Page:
143. 143. Liform & LiformBundle https://github.com/Limenius/Liform use LimeniusLiformResolver; use LimeniusLiformLiform; $resolver = new Resolver(); $resolver->setDefaultTransformers(); $liform = new Liform($resolver); $form = $this->createForm(CarType::class, $car, ['csrf_protection' => false]); $schema = json_encode($liform->transform($form));
  144. 144. Transform piece by piece {"title":"task", "type":"object", "properties":{ "name":{ "type":"string", "title":"Name", "default":"I'm a placeholder", "propertyOrder":1 }, "description":{ "type":"string", "widget":"textarea", "title":"Description", "description":"An explanation of the task", "propertyOrder":2 }, "dueTo":{ "type":"string", "title":"Due to", "widget":"datetime", "format":"date-time", "propertyOrder":3 } }, “required":[ “name", "description","dueTo"]} public function buildForm(FormBuilderInterface $builder, array $options) { $builder ->add('name',TypeTextType::class, [ 'label' => 'Name', 'required' => true, 'attr' => ['placeholder' => 'I'm a placeholder’]]) ->add('description',TypeTextType::class, [ 'label' => 'Description', 'liform' => [ 'widget' => 'textarea', 'description' => 'An explanation of the task', ]]) ->add('dueTo',TypeDateTimeType::class, [ 'label' => 'Due to', 'widget' => 'single_text'] ) ; }
  145. 145. Transform piece by piece {"title":"task", "type":"object", "properties":{ "name":{ "type":"string", "title":"Name", "default":"I'm a placeholder", "propertyOrder":1 }, "description":{ "type":"string", "widget":"textarea", "title":"Description", "description":"An explanation of the task", "propertyOrder":2 }, "dueTo":{ "type":"string", "title":"Due to", "widget":"datetime", "format":"date-time", "propertyOrder":3 } }, “required":[ “name", "description","dueTo"]} public function buildForm(FormBuilderInterface $builder, array $options) { $builder ->add('name',TypeTextType::class, [ 'label' => 'Name', 'required' => true, 'attr' => ['placeholder' => 'I'm a placeholder’]]) ->add('description',TypeTextType::class, [ 'label' => 'Description', 'liform' => [ 'widget' => 'textarea', 'description' => 'An explanation of the task', ]]) ->add('dueTo',TypeDateTimeType::class, [ 'label' => 'Due to', 'widget' => 'single_text'] ) ; }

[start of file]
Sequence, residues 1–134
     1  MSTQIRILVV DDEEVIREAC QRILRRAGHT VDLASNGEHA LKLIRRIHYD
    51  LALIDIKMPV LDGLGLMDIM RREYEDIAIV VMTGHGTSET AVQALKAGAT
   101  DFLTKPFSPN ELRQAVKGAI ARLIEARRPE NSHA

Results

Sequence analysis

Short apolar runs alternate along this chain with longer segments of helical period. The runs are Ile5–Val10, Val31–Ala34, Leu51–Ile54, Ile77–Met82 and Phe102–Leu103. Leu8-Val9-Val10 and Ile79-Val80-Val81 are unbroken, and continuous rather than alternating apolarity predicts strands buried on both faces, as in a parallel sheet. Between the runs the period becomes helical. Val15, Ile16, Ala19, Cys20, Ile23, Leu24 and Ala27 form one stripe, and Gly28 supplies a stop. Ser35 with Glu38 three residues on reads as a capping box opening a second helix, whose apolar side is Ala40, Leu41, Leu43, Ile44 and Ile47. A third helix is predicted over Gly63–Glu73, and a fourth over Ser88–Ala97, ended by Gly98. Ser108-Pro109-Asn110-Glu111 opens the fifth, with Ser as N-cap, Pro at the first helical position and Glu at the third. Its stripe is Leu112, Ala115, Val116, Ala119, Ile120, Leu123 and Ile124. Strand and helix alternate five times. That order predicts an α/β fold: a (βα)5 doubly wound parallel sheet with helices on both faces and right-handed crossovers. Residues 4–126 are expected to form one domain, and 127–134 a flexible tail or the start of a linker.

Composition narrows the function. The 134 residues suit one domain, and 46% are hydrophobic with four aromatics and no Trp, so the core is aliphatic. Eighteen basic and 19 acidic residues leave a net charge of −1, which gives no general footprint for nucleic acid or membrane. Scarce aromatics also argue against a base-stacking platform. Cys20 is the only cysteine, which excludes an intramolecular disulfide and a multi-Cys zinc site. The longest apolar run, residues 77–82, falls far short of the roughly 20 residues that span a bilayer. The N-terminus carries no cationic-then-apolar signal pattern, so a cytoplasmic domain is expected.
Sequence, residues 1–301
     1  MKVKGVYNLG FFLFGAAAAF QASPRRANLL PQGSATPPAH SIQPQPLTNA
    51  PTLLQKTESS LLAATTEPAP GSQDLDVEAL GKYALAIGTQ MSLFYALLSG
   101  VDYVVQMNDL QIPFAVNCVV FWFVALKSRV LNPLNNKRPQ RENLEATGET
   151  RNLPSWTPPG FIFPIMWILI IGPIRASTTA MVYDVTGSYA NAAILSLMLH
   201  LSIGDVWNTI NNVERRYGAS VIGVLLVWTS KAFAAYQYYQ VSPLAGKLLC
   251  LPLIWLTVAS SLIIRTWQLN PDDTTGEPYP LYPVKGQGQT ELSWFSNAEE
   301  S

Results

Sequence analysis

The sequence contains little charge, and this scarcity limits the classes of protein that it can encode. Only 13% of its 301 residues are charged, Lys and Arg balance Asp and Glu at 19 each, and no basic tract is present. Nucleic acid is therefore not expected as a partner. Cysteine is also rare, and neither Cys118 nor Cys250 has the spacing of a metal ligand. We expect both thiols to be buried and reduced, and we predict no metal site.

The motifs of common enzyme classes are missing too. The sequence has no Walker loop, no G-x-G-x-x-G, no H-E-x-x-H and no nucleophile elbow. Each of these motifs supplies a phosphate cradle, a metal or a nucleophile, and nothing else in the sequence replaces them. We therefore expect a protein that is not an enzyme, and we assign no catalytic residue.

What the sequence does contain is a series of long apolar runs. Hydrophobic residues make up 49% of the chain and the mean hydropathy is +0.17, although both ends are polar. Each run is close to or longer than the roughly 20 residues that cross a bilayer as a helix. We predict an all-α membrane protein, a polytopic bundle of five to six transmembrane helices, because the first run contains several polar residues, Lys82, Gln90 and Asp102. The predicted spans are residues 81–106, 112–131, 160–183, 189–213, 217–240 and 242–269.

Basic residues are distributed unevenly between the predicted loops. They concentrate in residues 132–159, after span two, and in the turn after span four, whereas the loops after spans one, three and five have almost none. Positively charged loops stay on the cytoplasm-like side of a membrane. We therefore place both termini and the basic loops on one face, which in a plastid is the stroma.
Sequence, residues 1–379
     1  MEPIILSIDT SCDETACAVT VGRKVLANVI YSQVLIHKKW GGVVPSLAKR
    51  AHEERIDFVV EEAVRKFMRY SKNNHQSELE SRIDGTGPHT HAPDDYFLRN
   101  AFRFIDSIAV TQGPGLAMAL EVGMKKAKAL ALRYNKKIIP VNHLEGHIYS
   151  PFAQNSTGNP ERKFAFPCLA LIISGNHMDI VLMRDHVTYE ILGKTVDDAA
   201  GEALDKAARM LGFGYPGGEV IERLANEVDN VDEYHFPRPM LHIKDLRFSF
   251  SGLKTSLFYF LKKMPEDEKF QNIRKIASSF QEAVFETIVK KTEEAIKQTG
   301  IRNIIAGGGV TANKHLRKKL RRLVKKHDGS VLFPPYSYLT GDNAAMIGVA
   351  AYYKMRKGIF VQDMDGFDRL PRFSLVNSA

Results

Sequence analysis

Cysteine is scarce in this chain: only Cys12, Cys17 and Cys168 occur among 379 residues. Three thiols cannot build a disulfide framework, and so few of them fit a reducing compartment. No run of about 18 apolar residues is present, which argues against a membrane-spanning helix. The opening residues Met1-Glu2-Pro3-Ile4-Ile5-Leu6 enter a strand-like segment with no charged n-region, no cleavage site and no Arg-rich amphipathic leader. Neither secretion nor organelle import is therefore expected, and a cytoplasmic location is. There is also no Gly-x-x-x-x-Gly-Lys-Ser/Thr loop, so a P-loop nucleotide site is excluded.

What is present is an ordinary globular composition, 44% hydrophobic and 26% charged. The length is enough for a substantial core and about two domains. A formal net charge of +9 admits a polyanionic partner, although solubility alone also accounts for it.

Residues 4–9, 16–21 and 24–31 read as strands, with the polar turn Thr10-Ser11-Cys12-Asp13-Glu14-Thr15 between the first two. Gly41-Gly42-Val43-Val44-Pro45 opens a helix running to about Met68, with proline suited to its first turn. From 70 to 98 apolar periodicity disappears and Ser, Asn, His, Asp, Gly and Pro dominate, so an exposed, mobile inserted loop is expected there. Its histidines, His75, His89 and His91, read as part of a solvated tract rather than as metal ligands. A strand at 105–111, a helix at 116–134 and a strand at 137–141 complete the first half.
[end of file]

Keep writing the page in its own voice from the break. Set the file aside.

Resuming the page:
146. 146. Transform piece by piece {"title":"task", "type":"object", "properties":{ "name":{ "type":"string", "title":"Name", "default":"I'm a placeholder", "propertyOrder":1 }, "description":{ "type":"string", "widget":"textarea", "title":"Description", "description":"An explanation of the task", "propertyOrder":2 }, "dueTo":{ "type":"string", "title":"Due to", "widget":"datetime", "format":"date-time", "propertyOrder":3 } }, “required":[ “name", "description","dueTo"]} public function buildForm(FormBuilderInterface $builder, array $options) { $builder ->add('name',TypeTextType::class, [ 'label' => 'Name', 'required' => true, 'attr' => ['placeholder' => 'I'm a placeholder’]]) ->add('description',TypeTextType::class, [ 'label' => 'Description', 'liform' => [ 'widget' => 'textarea', 'description' => 'An explanation of the task', ]]) ->add('dueTo',TypeDateTimeType::class, [ 'label' => 'Due to', 'widget' => 'single_text'] ) ; }
  147. 147. Transform piece by piece {"title":"task", "type":"object", "properties":{ "name":{ "type":"string", "title":"Name", "default":"I'm a placeholder", "propertyOrder":1 }, "description":{ "type":"string", "widget":"textarea", "title":"Description", "description":"An explanation of the task", "propertyOrder":2 }, "dueTo":{ "type":"string", "title":"Due to", "widget":"datetime", "format":"date-time", "propertyOrder":3 } }, “required":[ “name", "description","dueTo"]} public function buildForm(FormBuilderInterface $builder, array $options) { $builder ->add('name',TypeTextType::class, [ 'label' => 'Name', 'required' => true, 'attr' => ['placeholder' => 'I'm a placeholder’]]) ->add('description',TypeTextType::class, [ 'label' => 'Description', 'liform' => [ 'widget' => 'textarea', 'description' => 'An explanation of the task', ]]) ->add('dueTo',TypeDateTimeType::class, [ 'label' => 'Due to', 'widget' => 'single_text'] ) ; }